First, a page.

It always surprises me, reading about United States history, how little of that (none, really) I was taught in high school. Studying literature, philosophy, and science in university I didn’t get much of it either. Woodard’s description of these 11 “nations” exposed me to some American history and I now know a little more about the American Revolution and the US Civil War for example.
Woodard gradually develops the idea that American politics have not been driven by the two political parties or by the interests of states as they developed through history, but by the cultural and political exigencies of his 11 nations. But particularly the coalition of Yankeedom, the Left Coast, and New Amsterdam opposing that of the Deep South, Tidewater, and parts of the Midlands and Greater Appalachia, the “Dixie bloc”. Dixie’s preoccupation with avoiding government control, maintaining a caste system with indentured or at least cheap labour controlled by an aristocracy, and fundamentalist religion as a justification is described as at odds with the Yankee values of strong community and education.
Dixie’s wealthy ruling class gradually changed toward favouring legislation and a culture that protected the interests of corporations at the expense of a subjugated working-class and of the environment, eventually (although to me surprisingly recently) represented by the Republican Party. The Yankee coalition when recently in power has favoured protection of workers, advancement of education and healthcare, feminism and gay rights, and separation of church and state, and now supports the Democrats. A pretty clear “left” and “right”, in other words.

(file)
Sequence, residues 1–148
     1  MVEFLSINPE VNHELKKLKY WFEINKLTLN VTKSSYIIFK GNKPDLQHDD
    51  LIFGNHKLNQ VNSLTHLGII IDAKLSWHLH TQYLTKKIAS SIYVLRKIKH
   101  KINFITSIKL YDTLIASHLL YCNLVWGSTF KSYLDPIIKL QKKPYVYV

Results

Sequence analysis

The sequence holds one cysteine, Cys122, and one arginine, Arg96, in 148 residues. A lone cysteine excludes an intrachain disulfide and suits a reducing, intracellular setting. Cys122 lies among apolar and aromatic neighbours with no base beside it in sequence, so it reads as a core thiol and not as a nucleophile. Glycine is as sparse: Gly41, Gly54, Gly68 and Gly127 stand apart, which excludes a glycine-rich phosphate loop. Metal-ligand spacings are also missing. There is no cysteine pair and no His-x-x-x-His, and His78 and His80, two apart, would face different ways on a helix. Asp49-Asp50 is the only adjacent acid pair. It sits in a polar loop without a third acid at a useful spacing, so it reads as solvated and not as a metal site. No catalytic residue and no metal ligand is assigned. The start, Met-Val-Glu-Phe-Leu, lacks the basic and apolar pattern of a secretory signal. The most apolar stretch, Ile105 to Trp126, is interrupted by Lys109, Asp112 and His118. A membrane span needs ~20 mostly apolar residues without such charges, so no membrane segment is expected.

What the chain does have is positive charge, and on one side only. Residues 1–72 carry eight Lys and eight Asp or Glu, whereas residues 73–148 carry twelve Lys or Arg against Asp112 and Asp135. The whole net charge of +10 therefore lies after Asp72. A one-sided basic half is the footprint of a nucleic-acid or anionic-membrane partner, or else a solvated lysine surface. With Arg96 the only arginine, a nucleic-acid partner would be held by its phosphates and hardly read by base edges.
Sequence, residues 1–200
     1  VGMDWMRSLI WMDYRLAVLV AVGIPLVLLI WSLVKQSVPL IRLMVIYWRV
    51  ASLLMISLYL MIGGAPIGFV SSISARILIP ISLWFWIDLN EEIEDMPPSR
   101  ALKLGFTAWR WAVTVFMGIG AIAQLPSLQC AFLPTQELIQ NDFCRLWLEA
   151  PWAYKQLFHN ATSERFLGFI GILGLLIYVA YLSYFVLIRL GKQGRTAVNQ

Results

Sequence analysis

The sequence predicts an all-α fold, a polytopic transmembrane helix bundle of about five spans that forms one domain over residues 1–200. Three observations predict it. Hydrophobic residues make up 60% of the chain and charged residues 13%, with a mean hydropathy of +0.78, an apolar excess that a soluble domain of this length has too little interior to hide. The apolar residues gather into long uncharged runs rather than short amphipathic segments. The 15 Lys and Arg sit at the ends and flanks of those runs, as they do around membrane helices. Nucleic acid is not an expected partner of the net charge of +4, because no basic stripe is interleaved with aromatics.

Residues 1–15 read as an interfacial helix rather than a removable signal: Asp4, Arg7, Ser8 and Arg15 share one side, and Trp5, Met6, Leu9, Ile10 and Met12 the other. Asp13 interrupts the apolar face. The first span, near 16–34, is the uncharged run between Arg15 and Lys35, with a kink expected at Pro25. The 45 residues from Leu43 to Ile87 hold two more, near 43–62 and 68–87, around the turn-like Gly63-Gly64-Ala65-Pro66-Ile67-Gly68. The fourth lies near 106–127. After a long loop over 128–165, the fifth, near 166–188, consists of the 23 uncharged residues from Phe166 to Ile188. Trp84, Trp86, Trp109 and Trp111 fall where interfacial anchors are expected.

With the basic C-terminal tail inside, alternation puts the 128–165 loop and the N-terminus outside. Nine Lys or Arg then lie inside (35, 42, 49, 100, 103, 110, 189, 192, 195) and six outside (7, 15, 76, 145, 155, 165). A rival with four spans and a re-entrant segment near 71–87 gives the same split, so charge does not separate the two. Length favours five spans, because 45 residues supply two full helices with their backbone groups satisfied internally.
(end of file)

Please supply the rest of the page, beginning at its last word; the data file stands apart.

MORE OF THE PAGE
Mr. Woodard ultimately leaves no doubt which side he is on. He finally after stating that nobody can predict what the history of the United States as he sees it will bring forth next praises the First Nation people as communalistic, environmentally-minded, and feminist in orientation.
This for me is a fascinating and enlightening trip through American history emphasizing broad cultural interests that are clearly antagonistic. The two opposed coalitions vye for the support of the “middle America” nations whose primary interest seems to be getting on with their lives, but author Woodard apparently agrees with me that the two opposed worldviews represented by Dixie and Yankeedom are getting further apart, apparently foreclosing the possibility of compromise. This author also characterizes the recent American experience as looking a lot like that of former world-leading empires in decline: Holland, England, even Rome.
I’ve had a bright and I guess coloured light shone on the history of the US, with a description of how its two dominant political and cultural views came to be. My description oversimplifies Woodard’s story, but there is a tendency for his generalities to suggest that, at least in the committed blocs he describes, one doesn’t find much that’s contrary to the local prevailing views. I’ve never been in the Deep South outside of airports, but I can say with confidence that right-of-centre ideas are alive and well in the Left Coast. I have at least three good friends in Vancouver who are politically conservative, all of them strong in their views and no less thoughtful and smart than other friends whose views are left-oriented.
Thanks Dale. Reading American Nations helped me see a bit better the development of the two very strongly opposed American political cultures. This book was published before the 2016 election. I wonder what Colin Woodard thinks of Donald Trump.